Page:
Asthma may seem like a devastating condition but the truth is, it is definitely manageable and preventable. Although asthma is a chronic condition, and tends to last a lifetime for many people, one can gain good control of this disease by prevention and proper use of medications.
In order to understand how asthma medications work, it is important to understand how asthma happens and how it affects people of different ages.
How Asthma Happens
Asthma is an allergic reaction that happens when an allergen or an irritant gets in contact with a person’s airways. When this happens, the airways become inflamed and become coupled with mucus production as well as coughing Because of this inflammation and obstruction in the airway, decreased airflow occurs. This also leads to a distinct sound one hears when a person with asthma is catching for his breath. A person with asthma also needs several pillows on her back when trying to sleep because it promotes proper breathing. Also, leaning forward helps asthma patients breathe efficiently.
General Asthma Drugs
There are generally two types of asthma medications- either can treat the condition immediately and for long term.
Anti-Inflammatory Medications. Since asthma attacks involve inflammation of the airways, an important medication given to asthma patients as anti-inflammatory medications. Commonly, physicians prescribe corticosteroids to promote immediate relief of inflammation. These medications lessen the production of mucus and sensitivity of the airways leading to a proper breathing mechanism.
Bronchodilators. This classification of drugs works by relaxing the muscles of the airway since in a person with an asthma flare-up, the airway muscles are tight and does not allow air to pass through. With bronchodilators, the bronchial muscles relax allowing air to enter the system. This also allows the mucus to pass through and be expelled.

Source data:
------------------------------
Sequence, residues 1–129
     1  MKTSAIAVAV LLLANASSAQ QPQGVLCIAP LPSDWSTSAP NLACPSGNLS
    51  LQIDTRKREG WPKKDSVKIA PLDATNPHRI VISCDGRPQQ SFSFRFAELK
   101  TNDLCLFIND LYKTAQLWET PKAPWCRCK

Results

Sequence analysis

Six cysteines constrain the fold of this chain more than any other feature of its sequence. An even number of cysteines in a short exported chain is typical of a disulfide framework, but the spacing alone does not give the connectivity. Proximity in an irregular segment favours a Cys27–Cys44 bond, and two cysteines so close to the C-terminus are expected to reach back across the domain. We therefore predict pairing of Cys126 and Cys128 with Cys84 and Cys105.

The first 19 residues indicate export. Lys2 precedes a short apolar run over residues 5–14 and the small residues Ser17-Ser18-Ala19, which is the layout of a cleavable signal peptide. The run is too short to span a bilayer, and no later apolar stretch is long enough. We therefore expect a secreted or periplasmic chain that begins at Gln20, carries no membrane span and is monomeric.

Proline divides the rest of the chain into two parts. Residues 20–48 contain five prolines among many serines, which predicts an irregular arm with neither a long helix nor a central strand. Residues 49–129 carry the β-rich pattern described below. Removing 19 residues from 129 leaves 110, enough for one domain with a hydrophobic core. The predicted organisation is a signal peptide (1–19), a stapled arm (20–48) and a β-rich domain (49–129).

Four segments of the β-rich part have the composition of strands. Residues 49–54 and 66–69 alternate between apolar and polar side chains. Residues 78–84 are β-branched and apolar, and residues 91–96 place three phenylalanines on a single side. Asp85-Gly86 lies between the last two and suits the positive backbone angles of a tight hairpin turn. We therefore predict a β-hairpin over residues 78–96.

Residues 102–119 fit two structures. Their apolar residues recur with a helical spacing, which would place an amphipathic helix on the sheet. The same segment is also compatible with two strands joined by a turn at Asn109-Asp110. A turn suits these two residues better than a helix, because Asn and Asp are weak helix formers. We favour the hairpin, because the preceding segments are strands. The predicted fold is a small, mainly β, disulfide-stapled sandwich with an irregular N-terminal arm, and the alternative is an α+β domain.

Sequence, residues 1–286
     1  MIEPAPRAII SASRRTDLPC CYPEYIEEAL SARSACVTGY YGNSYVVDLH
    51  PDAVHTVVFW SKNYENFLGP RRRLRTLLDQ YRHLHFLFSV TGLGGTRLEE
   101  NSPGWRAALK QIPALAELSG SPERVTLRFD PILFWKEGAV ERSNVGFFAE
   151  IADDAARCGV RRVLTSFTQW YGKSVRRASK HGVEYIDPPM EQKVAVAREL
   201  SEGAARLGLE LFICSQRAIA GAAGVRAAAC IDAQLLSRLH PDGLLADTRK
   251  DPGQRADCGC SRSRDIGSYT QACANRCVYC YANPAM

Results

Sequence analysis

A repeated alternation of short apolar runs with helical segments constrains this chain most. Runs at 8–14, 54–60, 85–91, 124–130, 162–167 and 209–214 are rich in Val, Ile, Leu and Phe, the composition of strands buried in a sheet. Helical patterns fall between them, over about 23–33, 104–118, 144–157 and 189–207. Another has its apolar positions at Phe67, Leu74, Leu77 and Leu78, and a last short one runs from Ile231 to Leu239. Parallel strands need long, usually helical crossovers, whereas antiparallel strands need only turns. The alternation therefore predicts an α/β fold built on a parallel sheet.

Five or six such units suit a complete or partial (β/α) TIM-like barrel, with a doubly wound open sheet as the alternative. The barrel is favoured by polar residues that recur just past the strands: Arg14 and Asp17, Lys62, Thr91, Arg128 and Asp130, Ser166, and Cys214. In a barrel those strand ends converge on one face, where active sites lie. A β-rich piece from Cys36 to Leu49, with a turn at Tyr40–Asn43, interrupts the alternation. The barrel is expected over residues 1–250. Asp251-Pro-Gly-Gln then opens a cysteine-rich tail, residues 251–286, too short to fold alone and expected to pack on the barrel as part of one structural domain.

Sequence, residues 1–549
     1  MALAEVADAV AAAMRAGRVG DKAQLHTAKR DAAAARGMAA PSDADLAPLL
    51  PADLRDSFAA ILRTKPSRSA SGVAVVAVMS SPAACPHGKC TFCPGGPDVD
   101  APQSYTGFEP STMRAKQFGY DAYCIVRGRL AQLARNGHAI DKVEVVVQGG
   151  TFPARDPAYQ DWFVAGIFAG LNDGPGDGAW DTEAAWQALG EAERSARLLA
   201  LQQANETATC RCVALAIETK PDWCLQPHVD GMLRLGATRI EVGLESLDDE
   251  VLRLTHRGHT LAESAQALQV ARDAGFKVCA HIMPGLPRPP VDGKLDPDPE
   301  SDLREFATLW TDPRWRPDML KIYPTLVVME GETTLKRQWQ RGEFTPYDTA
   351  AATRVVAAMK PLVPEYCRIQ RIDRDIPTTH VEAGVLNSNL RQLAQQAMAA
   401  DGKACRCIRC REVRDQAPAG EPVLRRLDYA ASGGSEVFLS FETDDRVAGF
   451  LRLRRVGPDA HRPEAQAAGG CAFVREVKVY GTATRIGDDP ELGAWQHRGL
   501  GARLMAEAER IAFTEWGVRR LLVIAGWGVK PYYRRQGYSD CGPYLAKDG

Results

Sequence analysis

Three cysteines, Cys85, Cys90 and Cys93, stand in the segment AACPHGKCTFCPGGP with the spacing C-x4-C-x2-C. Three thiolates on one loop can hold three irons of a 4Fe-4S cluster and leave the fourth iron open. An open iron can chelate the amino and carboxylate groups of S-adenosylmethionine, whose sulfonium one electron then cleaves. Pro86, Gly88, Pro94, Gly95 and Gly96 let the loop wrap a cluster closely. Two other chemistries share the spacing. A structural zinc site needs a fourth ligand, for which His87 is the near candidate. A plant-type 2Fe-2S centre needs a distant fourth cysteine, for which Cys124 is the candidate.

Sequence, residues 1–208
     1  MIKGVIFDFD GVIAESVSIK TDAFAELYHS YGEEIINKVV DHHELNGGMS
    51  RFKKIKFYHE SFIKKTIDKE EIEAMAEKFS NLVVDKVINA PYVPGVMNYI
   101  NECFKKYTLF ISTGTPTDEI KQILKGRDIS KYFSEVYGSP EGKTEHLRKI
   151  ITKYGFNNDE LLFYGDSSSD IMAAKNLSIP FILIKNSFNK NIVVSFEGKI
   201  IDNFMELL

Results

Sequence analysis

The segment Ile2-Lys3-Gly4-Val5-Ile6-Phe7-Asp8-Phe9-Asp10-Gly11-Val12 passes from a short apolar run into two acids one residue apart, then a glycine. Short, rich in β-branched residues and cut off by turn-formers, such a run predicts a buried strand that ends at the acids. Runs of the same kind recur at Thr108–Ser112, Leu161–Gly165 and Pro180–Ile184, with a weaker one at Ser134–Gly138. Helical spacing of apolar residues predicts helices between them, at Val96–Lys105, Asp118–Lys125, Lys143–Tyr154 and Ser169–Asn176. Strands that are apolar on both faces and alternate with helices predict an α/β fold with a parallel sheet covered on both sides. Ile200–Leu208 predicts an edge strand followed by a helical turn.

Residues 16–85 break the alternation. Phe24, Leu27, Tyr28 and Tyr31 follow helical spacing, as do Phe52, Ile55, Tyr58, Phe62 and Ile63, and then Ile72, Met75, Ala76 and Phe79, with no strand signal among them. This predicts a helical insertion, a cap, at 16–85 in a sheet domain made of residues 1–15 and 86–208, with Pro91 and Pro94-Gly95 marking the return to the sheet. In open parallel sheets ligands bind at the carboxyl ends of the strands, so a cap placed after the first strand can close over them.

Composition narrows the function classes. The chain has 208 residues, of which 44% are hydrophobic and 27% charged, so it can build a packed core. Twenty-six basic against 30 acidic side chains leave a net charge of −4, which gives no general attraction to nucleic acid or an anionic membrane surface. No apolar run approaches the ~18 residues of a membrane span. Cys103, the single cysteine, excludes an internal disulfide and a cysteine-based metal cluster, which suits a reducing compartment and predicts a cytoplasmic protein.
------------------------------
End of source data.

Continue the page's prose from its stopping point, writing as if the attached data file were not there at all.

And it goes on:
These medications always come in pairs and it is important to remember that in administering them during an asthma attack, one must know which drug to administer first. Remember that Bronchodilators must first be given so that the airway will be widened enough for the anto-inflammatory drug to pass through.
Side Effects of Anti-Asthma Drugs
Nausea and vomiting can happen, just like how some people react with any medications. Irregular and rapid heartbeats may also occur in taking bronchodilators. Also, prolonged use of steroids can put us at risk for infections so be sure to always maintain a clean environment.
Since asthma is considered an allergic reaction, preventing one’s exposure to the irritating agents is important. These allergens may vary from one person to another so be sure to identify them and prevent asthma patients from inhaling these irritants.
Also, asthma attacks are highly preventable. In case one starts to exhibit signs and symptoms of an asthma flare-up, immediately give him a bronchodilator puff and anti-inflammatory drugs to avoid the progression of this flare up. Because asthma attacks may occur at any point in time, it is always important to be sure that you have adequate stock with you and that you never run out of them. Also, since asthma medications have several side effects as well as adverse effects, it is always best to discuss these matters to your physician for immediate intervention.